Night of the Hawk – The team follows a lead on Vandal Savage back to a quaint little '50's town of good old-fashioned values and racial prejudice. Yet a series of grisly murders and disappearances reveal that there’s more than one monster in this town.
After last week’s out-of-nowhere awesomeness, this episode doesn’t quite reach the same heights. It has a great idea in being a homage to the classic era of monster movies to which the '50's "Pleasantville" setting plays perfectly. Similarly, the monster creatures themselves are superbly delivered in makeup and effects to feel equally creepy and the fun kind of corny. The retained human clothing stops any Wizard of Oz flying monkey jokes and in some cases, like a certain leather jacket wearer, makes them look rather cool.
The script also takes great pleasure in playing on both classic and modern creature feature troupes. While Hunter and Snart rolling in as incognito FBI agents feels old school, so too does it have a touch of Sam & Dean to it. Then, we also get creepy basements, mad experimenting doctors and kids attacked during car make out sessions. On paper, it’s all great but it loses some of its effect by being such a change in direction to the series to date. A show that based itself heavily on science fiction and superhero lore suddenly plunging into supernatural fantasy is a bit of a handbrake turn, and it may leave some viewers distracted and finding less enjoyment for leaving their comfort zones.
The '50's setting is whole heap of good times. Firstly, there’s so much Back to the Future referencing you’ll be shouting “Great Scott” at the screen in delight. The best examples are Jax nicknaming the diner bully Biff and Ray, implying Jax is going to the Enchantment Under the Sea Dance (though thankfully, nobody makes out with their mom here). While Jax also gets his fair share of racial hatred to stand up to, the subject is more entertaining when explored through Kendra and Ray in the suburbs polite society. It feels very influenced by 2011's Oscar Nominated The Help. It’s both funny and entertaining to see the less enlightened locals repeatedly mistaking Kendra for a housemaid but even better to watch Kendra make them eat those words in response. The ideas of changing times are also extended well to homosexuality as Sara finds her first potential love interest since her days with Nyssa al Gul. There’s an interesting “It gets better” feel to her scenes with Lindsey as Sara tells her that she won’t be forced in the closet for much longer. The flip of this arc on her character doesn’t work quite as well for requiring too much subsequent explanation rather reaching the required emotions. However, when Sara’s given lighter material this week she’s lethally funny such as her slow death threats to Stein. Overall, we have to give writers Sarah Nicole Jones & Cortney Norris some serious credit; they could have easily skipped over these period social issues in favour of a lighter tone. Instead they have embraced them for a much more meaningful result.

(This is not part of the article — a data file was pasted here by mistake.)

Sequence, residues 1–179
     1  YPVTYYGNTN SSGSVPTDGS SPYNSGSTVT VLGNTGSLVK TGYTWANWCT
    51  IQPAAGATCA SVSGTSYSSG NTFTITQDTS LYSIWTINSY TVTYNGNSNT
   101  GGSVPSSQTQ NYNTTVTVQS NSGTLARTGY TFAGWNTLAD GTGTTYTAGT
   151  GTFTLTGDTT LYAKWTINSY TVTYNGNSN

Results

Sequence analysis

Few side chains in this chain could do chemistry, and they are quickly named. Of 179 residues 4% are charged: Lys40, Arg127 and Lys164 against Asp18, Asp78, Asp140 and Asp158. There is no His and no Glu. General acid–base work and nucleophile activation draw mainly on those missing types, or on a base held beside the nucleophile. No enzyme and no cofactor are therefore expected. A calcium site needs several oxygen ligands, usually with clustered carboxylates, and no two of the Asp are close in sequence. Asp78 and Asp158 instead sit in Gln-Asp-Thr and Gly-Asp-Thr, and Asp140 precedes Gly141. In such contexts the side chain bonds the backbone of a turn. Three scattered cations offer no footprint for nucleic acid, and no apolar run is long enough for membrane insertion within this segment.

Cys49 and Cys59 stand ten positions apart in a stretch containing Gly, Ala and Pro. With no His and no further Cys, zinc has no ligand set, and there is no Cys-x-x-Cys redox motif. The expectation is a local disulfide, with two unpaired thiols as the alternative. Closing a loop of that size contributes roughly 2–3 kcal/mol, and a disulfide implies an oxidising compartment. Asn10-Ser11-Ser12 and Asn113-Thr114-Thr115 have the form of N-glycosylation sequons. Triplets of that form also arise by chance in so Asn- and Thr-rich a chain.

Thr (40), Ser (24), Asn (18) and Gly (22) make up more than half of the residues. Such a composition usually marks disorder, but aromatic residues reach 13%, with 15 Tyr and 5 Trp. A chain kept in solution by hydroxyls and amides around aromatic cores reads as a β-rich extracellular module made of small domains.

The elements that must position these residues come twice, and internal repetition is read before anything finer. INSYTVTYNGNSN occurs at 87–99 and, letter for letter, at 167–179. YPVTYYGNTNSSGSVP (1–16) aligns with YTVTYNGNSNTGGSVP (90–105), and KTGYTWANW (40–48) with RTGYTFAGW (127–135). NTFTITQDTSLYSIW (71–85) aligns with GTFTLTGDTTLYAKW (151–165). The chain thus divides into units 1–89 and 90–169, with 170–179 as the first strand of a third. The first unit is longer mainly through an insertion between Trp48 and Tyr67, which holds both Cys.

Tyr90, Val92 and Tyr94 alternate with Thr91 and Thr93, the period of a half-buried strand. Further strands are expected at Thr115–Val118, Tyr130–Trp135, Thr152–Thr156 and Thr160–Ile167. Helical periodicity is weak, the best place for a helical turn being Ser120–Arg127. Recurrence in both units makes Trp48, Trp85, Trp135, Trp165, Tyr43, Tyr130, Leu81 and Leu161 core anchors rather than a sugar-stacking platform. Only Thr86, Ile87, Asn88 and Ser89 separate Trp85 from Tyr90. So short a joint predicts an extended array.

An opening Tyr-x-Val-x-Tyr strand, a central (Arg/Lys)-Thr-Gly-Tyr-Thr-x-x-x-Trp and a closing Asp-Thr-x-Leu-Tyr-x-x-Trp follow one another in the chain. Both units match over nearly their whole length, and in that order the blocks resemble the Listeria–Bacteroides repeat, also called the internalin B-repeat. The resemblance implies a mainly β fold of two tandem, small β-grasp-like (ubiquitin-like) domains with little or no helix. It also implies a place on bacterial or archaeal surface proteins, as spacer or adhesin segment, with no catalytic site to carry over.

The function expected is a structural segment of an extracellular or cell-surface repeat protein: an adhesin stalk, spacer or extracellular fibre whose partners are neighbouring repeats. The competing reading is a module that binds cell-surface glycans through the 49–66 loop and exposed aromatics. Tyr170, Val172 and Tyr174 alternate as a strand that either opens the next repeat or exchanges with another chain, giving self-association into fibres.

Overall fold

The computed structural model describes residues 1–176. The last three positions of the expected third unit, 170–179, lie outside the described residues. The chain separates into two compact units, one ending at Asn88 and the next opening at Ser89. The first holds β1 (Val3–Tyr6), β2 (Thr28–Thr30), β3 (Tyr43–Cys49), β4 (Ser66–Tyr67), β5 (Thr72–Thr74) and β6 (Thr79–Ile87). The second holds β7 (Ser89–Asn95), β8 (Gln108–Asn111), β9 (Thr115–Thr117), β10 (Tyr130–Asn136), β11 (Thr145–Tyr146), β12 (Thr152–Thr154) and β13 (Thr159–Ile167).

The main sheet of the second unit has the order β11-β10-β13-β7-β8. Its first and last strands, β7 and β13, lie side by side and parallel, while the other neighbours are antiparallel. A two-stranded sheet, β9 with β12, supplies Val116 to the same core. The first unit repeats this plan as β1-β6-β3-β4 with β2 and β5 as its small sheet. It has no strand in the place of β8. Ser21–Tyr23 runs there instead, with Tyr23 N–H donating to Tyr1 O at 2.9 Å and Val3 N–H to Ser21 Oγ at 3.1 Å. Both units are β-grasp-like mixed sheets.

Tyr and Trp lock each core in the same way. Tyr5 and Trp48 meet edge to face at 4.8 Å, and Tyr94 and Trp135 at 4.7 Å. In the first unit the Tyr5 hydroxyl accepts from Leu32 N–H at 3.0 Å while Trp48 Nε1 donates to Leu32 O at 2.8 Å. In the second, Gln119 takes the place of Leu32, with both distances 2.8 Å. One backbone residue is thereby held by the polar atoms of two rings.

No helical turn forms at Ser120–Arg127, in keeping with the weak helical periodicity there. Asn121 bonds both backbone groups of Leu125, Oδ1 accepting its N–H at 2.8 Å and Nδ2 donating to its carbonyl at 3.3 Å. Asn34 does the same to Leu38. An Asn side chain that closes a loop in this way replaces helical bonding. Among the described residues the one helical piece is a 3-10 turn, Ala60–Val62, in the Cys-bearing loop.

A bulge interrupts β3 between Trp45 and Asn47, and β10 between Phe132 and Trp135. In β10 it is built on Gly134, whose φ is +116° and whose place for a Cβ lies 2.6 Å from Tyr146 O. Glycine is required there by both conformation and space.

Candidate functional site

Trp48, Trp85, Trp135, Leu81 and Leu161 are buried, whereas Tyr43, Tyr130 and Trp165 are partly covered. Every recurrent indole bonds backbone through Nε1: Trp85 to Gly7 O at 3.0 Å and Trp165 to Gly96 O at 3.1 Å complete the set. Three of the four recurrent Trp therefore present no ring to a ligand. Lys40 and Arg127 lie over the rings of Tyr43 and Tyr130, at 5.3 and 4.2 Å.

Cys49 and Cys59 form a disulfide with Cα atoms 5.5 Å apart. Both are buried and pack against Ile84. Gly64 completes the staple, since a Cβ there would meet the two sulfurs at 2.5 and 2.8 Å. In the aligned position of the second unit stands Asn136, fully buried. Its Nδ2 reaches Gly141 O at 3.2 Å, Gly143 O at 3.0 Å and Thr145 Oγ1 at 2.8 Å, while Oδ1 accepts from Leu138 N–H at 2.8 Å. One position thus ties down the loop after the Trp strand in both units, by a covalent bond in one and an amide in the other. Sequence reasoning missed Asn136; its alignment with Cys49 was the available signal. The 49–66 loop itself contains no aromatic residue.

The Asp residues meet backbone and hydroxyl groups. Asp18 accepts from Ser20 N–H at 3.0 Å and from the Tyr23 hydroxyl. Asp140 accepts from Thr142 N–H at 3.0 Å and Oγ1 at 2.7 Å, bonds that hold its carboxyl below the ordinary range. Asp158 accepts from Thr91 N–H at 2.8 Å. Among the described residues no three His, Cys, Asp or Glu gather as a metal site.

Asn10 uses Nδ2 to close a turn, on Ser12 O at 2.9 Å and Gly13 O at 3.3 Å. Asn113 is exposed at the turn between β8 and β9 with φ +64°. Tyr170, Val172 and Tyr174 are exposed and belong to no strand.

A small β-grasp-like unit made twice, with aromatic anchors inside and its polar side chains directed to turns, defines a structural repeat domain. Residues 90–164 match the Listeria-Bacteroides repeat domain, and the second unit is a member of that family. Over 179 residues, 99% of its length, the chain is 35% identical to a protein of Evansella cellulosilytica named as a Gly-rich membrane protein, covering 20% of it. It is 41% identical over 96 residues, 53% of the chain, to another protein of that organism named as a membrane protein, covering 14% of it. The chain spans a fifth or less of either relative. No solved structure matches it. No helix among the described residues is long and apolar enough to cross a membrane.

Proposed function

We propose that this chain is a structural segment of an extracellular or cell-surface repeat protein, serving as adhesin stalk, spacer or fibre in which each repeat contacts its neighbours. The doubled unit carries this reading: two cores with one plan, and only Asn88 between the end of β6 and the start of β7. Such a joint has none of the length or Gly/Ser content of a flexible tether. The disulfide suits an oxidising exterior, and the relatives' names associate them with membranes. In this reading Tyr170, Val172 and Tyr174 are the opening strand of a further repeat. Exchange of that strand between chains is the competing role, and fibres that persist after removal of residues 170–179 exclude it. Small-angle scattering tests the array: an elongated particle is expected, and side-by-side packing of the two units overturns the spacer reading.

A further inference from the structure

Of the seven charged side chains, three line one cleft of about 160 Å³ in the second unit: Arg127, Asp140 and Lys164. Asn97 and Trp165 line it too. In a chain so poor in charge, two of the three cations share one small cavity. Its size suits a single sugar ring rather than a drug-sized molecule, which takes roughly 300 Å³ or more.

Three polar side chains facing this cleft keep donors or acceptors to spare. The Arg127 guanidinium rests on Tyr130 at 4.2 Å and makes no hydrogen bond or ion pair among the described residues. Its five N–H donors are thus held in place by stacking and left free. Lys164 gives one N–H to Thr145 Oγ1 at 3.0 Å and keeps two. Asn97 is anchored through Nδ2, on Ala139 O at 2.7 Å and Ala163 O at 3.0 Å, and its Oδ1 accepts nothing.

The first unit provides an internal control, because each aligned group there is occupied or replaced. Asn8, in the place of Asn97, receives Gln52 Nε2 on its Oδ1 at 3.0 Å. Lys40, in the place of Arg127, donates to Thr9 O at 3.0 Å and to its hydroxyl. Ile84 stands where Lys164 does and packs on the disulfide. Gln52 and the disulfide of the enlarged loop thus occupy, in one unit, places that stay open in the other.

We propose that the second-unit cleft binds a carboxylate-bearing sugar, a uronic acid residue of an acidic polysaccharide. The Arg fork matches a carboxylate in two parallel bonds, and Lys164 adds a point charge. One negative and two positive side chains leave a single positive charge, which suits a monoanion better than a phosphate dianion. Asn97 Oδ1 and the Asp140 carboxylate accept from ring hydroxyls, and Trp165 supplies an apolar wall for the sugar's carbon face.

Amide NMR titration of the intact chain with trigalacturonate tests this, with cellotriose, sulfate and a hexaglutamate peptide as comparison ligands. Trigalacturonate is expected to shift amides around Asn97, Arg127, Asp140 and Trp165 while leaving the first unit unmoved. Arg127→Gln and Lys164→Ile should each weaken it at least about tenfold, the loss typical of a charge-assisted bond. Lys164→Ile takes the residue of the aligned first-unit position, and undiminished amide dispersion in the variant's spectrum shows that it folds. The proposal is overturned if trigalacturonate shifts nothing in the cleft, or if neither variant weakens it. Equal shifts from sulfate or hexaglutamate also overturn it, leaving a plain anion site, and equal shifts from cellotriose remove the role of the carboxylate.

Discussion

After 2 weeks off, Vandal Savage returns on the scene, and despite the odd occurrence of the show improving without him, Casper Crump does immediately make the presence felt and actually gives an entirely new dimension on his character. It speaks nothing but praise to his performance that somehow Savage is even creepier while presenting normality than he is while starting over the altar of a human sacrifice. That builds some terrific tension into his socializing scenes with Kendra (they may be the first ancient arch enemies ever to bring each other casserole) as we’re constantly studying his character for the moment of switching or signs that the beast still lurks underneath. Of course, this does come with some draw backs with predictability, especially when Kendra tries to take him down solo. While it’s entertaining to see Kendra straining to hold the charade as Savage gets very personal, the entire premise of the series tells us she’s going to fail before it’s even started.
The fate of Mick Rory is handled very well as a minor note to the episode. By making Snart the only one knowing the truth, it naturally allows other team members to ask what happened to him on our behalf. Did Snart put him on ice or chill out at the last minute? Now while the answer is not revealed, the episode does a good job of gently nursing the highly likely idea that Mick is still alive by focusing on Snart’s actions. Martin Stein sums it up best: this episode has monsters but he is not one of them based on his actions to save other team members. We can call it a near certainty that the big and oddly lovable hot head will be bursting back on to our screens at some point. The question just becomes how and when. In many ways, this nicely leaves Legends with an ace up its sleeve to have Mick acting as the most unlikeable cavalry in an unexpected moment of need.
It’s the most unorthodox Legends episode to date and has a lot of charms to it, but everything just doesn’t quite fit together with the same finesse as some prior episodes (especially last week). This marks the series' half way point (concluding with episode 16), and comes with a nice cliff-hanger going into a 2-week break. Still to come: we have the return of Matt Nable’s Ra’s al Ghul (rumoured for next episode) and Jonah Hex in the Old West. The show, along with its Flash and Arrow counterparts, has just been renewed for another season. It looks like these heroes are just getting started.